What kind of horse is that? What makes him good for jumping or packing in the mountains? Why is trotting bumpier than canter? Students of the ongoing Parkwood Riding School will get a first-hand demonstration of different horse breeds and equine anatomy during two upcoming special classes this month, according to a news release.
The school is located at 1800 E. 49th South in Idaho Falls.
A breed demonstration will be held from 9:30 a.m. to 11 a.m. Saturday where students will experience such breeds as warmblood, quarter horse, pony, mule, thoroughbred and crosses as they take the ring in a special equine demonstration. Participants will learn what makes each breed suited for the jobs they’ve done for centuries. Students will interact, ride and see the animals’ different gaits and special skills.
Parkwood founder and owner Sally Parks will talk about the disciplines suited for each type of horse. From the steadfast, working quarter horse to the imported jumper, this is a great way to learn about a variety of performance breeds, Parks said.
On Nov. 11, an anatomy and equine health day will be held from 9:30 a.m. to 11 a.m.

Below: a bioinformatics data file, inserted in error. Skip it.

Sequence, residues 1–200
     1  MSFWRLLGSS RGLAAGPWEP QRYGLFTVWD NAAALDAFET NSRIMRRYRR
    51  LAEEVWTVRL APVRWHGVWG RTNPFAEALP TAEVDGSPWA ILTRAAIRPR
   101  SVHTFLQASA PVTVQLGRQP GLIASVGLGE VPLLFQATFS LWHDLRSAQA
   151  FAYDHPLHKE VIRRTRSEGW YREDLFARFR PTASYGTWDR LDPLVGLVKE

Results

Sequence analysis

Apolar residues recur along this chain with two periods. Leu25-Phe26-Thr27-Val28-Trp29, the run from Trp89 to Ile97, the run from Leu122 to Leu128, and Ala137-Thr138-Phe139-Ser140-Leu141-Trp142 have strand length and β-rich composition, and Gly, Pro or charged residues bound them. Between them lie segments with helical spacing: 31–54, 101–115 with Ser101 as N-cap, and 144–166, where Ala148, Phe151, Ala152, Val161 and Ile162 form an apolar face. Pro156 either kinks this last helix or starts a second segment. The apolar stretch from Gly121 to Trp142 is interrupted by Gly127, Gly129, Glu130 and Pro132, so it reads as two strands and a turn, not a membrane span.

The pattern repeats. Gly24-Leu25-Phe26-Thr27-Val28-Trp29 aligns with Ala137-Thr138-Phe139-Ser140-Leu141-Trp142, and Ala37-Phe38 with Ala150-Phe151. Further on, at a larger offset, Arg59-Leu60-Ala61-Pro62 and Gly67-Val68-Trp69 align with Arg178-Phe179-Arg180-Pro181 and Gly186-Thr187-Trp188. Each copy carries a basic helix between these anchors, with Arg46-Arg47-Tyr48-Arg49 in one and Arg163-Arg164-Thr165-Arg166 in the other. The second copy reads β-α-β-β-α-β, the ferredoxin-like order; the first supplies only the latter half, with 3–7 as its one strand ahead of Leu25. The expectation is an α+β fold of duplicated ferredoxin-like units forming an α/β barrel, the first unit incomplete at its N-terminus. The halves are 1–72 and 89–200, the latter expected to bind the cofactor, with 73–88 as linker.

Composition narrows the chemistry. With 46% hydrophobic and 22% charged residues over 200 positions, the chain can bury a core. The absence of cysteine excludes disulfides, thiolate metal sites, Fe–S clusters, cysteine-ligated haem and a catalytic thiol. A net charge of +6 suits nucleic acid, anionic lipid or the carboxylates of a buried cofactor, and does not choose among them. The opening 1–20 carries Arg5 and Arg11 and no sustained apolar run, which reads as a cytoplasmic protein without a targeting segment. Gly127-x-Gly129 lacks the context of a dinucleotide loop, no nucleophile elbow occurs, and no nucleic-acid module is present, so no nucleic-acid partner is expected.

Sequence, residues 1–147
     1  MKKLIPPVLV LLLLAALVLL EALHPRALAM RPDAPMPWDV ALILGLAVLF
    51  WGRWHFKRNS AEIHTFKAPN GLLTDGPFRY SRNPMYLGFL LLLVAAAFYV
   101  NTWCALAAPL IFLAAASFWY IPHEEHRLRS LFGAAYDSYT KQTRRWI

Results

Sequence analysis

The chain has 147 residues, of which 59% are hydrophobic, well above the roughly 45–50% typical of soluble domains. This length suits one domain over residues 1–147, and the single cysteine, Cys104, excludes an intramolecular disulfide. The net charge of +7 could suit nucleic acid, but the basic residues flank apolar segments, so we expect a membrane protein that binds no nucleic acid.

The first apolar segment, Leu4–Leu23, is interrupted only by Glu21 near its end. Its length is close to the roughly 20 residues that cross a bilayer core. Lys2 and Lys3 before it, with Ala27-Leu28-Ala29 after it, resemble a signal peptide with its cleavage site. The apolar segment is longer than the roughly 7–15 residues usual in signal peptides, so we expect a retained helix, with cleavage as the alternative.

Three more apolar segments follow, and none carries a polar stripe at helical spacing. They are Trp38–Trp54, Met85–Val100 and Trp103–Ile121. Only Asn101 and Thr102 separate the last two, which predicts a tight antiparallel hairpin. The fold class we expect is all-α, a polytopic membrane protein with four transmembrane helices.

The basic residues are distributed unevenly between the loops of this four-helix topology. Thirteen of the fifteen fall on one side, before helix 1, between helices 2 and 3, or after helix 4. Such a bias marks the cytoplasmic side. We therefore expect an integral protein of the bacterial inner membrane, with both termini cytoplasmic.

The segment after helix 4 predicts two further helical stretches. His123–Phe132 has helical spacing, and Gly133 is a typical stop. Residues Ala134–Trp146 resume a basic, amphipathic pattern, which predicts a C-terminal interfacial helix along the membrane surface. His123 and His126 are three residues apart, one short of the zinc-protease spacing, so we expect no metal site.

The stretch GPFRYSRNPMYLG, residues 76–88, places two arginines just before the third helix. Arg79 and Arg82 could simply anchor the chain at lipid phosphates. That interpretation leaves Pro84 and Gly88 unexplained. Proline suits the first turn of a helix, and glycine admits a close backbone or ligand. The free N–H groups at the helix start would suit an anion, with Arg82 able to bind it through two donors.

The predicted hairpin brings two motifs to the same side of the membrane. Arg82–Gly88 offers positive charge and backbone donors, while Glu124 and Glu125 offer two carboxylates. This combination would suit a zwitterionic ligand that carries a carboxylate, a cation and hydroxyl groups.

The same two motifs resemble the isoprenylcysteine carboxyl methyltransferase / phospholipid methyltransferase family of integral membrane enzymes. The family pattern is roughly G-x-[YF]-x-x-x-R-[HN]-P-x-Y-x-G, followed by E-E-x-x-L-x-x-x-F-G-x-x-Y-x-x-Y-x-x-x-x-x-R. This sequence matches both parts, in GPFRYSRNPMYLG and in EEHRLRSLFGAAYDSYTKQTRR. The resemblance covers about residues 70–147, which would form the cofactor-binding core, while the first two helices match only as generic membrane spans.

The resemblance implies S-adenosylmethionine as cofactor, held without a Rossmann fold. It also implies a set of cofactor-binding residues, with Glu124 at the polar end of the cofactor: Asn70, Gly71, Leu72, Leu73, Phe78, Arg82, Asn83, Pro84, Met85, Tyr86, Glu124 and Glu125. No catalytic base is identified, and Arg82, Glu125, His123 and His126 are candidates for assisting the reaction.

Equine veterinarian Mark Bramwell, DVM, from the South Fork Animal Clinic in Rigby, will join Parkwood Riding School with an informative session on equine anatomy and health. Hands-on learning, will offer an opportunity to learn about what keeps a horse used for any discipline healthy and sound. South Fork Animal Clinic has provided full service large and small animal care for more than 30 years.
The riding school’s sessions take place from 9:30 a.m. to 11 a.m. on most Saturdays in Parkwood’s spacious, heated arena. Each session is $40 per student and includes first-hand instruction on riding, guest speakers, grooming, tack, weekly special topics,
Q&A and more. Students progress at a comfortable, safe pace and new students are invited to join at any time.
Parkwood has student photo releases on file.